Archive for December, 2009

Well, this guy has beaten the rest of us to the scoop. A small number of researchers including Geoff Sharp, Gerry Pease, Ian Wilson, Ray Tomes, Ulric Lyons, Gray Stevens, Milivoje Vukevic, Paul Vaughan and myself have been working away on the motion of the planets with respect to the solar system barycentre and various  interesting orbital periodicities and resonances. We’ve all found remarkable correlations between various phenomena which hint at a planetary effect on the suns behaviour.

Now Petr Semi Semerad has pulled a lot of things together and discovered the key to the holy grail: the resonances matching the sunspot cycle. But more than that, he has filled the cup to overflowing with a rare vintage of observations which will be keeping us all busy for a long time to come.

Earth - Venus - Jupiter cycle

Earth - Venus - Jupiter cycle

Figure 88 -Earth-Venus-Jupiter cycle compared to Signed Sunspot counts
Series in the chart on fig. 88 are:
- Orange – Real data – Signed sunspot counts (every other cycle is negative or positive)
All other series are computed (from ephemerides), at times of Earth-Venus opposition only:
- Bold green (which matches the Sunspot frequency) – Half of angle between Jupiter and Earth (or to EVB, with center in Sun) during Earth-Venus oppositions, multiplied (scaled vertically) by sinus of Uranus-Neptune angle at these times (to match cycle damping arround 1820 and 1910 of the Gleissberg cycle…The Uranus-Neptune cycle of 178.5 years seems to match the length of twice the Gleissberg cycle, observed in the Sunspot data.)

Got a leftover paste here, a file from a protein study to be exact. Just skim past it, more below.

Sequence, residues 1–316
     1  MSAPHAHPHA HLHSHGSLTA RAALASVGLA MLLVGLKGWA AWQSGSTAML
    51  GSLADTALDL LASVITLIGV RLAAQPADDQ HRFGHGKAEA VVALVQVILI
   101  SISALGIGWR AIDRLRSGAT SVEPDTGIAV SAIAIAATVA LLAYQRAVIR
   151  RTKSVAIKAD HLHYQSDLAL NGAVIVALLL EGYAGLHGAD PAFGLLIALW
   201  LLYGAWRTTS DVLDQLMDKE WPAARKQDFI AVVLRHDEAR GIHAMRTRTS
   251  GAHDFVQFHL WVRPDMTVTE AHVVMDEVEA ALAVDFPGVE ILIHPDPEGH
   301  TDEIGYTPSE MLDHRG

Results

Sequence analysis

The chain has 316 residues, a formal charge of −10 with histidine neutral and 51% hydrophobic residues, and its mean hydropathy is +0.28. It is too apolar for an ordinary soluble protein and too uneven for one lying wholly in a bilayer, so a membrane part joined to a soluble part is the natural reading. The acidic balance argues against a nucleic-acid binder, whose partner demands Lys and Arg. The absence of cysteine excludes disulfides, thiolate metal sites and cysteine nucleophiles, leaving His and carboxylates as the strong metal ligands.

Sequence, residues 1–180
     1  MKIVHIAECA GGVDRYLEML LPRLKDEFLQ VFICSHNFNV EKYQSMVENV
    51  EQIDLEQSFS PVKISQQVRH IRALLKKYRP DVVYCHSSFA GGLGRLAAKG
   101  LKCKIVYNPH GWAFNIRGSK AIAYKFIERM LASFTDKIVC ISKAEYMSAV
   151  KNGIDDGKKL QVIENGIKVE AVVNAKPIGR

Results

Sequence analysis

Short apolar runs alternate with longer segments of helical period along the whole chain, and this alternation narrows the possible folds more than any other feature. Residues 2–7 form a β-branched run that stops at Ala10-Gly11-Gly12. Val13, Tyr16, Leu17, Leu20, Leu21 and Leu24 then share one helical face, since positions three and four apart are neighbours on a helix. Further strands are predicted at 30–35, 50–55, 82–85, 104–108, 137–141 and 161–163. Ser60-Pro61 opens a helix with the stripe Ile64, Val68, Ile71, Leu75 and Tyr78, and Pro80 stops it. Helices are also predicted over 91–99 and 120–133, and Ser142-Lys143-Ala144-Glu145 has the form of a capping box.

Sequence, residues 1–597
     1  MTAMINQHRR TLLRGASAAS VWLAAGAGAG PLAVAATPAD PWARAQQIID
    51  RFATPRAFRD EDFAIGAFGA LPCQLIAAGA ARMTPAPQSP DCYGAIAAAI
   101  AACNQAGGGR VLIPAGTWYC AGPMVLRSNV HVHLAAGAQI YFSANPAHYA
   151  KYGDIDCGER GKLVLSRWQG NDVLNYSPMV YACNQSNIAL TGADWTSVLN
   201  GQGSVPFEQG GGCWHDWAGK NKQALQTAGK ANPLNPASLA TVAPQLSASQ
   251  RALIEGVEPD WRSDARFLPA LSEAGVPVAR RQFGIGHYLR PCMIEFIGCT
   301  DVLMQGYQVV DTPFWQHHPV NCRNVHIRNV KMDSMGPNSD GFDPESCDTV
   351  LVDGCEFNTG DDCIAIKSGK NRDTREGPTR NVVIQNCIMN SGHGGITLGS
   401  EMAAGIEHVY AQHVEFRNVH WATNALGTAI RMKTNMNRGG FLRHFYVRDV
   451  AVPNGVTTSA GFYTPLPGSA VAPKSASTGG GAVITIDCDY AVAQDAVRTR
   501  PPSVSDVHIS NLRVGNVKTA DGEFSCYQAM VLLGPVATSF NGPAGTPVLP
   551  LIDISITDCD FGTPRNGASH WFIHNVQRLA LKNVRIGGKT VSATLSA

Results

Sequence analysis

The damping arround 1650 (little ice age) and unexpectedly large values arround 1990 are due to another influences (matches cycle of overall angular momentum change, see relevant chapter)
- Purple series :  Uranus/Neptune cycle. To avoid a sinus-like symmetric appearance, the angle between those
planets is multiplied by their relative velocity…
- Pink background serie – Tidal angle between Mercury and Jupiter at times of Earth-Venus oppositions.
- Outer blue serie – with connected maximums to show its envelope (see also fig. 89) – Tidal angle between Earth-Venus barycenter and Jupiter, with added or subtracted (with less importance) the Tidal angle between Jupiter and Mercury.
- Bold blue dots at X axis – historical record of “severe winters” in central Europe.

Earth-Moon system angular momentum relative to sunspot cycle

Earth-Moon system angular momentum relative to sunspot cycle
Download, read and enjoy!

h/t to French-Canadian blogger Simon Filiatrault

Here’s another interesting correlation. The Position of the north magnetic pole has been shifting rapidly over the last several decades. The rate of change of it’s declination correlates with the variations in Earth’s length of day and the motion of the sun relative to the centre of mass of the solar system which we discussed in my first post.

North Pole rate of change of declination vs LOD vs SSBz

North Pole rate of change of declination vs LOD vs SSBz

More interesting information on Earth’s magnetism and it’s relationship with the sun here:

If the changes in Length of Day are related to changes in the circulation of currents of molten material beneath the Earth’s crust, we could speculate that magnetic  iron ores are shifting their predominant accumulations and this affects the location of the magnetic north pole.